Washington, Idaho, Wyoming legislators consider education savings accounts

Three bills are currently pending in the legislatures of three western states that would allow educational savings accounts, or ESAs, for students in those states. Washington’s bill, HB 1615, would allow the most to be saved for education at $10,600.

Washington’s bill, HB 1615, would allow the most to be saved for education at $10,600

Jeremy Lott
The Center Square Washington

Three bills are currently pending in the legislatures of three western states that would allow educational savings accounts, or ESAs, for students in those states.

The Idaho-based Mountain States Policy Center notes that of the three states considering such legislation, Washington’s bill, HB 1615, would allow the most to be saved for education at $10,600. The Wyoming bill, HB 194, would allow $6,000, and the Idaho bill, SB 1038, would authorize $5,850 per state account.

Also, Washington’s bill would make $10,000 in additional funds available for special needs students.

Mountain States does not give grades to these legislative efforts, but the think tank’s president, Chris Cargill, expressed some opinions about their efficacy and political viability when asked.

“I think the Idaho Senate version is probably the strongest so far,” he told The Center Square.

The downside to the Idaho bill was that he hadn’t necessarily “seen enough support in both chambers to get it passed.”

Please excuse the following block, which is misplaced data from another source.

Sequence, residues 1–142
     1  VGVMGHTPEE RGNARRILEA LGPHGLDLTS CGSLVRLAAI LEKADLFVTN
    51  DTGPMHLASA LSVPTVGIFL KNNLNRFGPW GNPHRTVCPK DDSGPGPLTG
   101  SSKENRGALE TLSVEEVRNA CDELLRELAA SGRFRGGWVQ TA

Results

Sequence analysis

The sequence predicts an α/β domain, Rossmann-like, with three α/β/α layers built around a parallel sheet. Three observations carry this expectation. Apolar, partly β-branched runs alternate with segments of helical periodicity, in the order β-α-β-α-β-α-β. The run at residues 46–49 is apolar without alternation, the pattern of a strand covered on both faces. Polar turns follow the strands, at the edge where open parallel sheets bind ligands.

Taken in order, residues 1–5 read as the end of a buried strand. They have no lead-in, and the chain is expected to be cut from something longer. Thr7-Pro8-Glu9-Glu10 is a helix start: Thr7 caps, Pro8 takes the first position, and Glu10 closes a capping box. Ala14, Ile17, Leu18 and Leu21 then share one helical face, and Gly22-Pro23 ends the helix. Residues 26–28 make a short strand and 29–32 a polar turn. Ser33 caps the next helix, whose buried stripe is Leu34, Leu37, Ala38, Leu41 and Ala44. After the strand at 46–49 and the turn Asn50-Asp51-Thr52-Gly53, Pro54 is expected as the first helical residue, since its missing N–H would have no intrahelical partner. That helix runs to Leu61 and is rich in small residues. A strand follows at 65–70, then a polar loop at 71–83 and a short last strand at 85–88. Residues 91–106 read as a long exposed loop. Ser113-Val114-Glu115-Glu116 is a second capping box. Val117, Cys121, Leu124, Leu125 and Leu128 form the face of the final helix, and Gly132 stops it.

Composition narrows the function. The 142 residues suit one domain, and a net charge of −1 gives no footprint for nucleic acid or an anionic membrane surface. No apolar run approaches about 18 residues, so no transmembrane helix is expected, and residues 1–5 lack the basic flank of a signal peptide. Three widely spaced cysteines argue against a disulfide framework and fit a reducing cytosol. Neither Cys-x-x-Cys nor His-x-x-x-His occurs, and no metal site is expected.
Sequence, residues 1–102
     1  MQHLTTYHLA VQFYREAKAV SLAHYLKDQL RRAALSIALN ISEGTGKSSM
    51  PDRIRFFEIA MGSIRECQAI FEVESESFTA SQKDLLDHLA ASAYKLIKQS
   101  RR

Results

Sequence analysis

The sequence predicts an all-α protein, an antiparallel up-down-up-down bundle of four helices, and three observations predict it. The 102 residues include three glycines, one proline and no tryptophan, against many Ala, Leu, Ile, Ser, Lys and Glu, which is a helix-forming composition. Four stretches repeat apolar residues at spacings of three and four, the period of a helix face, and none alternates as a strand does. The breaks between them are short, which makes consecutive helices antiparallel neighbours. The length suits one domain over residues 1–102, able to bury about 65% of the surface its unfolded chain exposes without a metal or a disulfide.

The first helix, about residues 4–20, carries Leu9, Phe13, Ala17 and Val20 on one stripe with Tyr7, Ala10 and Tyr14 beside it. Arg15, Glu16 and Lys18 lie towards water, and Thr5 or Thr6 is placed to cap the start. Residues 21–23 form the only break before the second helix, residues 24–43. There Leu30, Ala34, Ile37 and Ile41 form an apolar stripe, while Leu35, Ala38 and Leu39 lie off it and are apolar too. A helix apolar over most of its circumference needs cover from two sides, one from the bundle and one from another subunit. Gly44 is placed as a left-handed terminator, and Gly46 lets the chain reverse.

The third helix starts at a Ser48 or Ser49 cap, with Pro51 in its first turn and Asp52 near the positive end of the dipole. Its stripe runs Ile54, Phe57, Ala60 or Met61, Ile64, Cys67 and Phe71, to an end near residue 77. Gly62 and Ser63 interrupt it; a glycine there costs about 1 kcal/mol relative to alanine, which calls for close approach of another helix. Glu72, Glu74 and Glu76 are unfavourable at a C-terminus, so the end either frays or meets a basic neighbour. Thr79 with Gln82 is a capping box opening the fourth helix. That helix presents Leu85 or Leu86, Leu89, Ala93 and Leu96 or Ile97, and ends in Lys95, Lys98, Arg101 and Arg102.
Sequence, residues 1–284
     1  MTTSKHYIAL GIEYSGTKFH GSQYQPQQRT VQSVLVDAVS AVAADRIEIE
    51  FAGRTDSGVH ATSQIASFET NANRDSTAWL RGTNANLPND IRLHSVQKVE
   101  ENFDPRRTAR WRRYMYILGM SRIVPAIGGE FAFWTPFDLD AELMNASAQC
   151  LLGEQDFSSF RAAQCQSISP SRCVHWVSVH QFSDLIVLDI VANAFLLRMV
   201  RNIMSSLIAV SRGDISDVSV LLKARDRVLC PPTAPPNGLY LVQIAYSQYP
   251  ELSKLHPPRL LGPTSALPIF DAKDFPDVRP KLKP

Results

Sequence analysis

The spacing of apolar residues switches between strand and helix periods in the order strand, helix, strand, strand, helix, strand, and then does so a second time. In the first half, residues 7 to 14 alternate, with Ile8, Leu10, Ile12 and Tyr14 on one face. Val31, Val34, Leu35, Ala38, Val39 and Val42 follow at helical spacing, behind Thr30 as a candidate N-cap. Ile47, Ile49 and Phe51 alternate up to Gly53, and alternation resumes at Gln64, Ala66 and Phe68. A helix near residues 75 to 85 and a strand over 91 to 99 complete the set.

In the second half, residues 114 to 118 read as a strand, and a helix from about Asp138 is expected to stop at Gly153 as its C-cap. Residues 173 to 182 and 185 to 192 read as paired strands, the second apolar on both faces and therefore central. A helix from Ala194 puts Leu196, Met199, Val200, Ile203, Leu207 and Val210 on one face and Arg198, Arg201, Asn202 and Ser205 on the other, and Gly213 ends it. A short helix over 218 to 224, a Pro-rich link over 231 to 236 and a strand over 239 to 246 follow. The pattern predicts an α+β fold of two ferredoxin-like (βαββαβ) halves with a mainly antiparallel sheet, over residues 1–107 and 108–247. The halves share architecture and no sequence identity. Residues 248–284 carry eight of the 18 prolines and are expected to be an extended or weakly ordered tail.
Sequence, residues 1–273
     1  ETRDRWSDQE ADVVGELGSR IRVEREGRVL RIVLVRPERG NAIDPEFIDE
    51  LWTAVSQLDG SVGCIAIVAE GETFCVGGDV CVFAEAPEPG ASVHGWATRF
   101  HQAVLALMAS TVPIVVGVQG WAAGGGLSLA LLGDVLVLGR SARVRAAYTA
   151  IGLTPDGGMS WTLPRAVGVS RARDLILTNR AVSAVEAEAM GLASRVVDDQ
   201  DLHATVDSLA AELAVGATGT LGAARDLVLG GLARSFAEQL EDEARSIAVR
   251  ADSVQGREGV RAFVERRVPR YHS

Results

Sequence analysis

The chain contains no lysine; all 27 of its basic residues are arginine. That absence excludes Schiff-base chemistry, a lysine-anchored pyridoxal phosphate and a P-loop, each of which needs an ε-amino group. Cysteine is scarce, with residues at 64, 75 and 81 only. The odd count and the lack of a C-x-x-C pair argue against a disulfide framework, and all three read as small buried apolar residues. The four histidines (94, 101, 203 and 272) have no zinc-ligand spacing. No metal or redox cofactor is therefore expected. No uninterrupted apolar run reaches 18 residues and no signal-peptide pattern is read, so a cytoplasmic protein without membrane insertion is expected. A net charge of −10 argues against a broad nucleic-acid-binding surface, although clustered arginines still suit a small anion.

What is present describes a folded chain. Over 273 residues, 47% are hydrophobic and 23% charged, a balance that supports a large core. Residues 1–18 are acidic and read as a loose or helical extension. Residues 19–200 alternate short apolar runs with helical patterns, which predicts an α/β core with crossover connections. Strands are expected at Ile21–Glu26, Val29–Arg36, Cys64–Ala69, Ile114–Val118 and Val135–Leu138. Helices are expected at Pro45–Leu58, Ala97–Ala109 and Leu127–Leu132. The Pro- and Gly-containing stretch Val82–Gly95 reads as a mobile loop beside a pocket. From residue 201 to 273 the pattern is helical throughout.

He judged the merits of the Washington bill “strong, especially for special ed kids.”

However, he noted that it also has a cap on enrollment in the program of 94,100 students, or less than 10% of the total number of K-12 enrolled students in Washington state.

Cargill, who lived and worked in Washington for many years as the eastern Washington director for Washington Policy Center, also didn’t believe the bill was politically viable, given the current Legislature.

“From what I’ve heard, the Washington bill is basically dead,” he said.

He added that Montana isn’t even currently considering an ESA bill.

“There is not an ed choice bill in the Montana Legislature,” Cargill said. “There is an ed scholarship account, which can be (an) ed choice in some ways, but it’s not a full ESA.”

This report was first published by The Center Square Washington.


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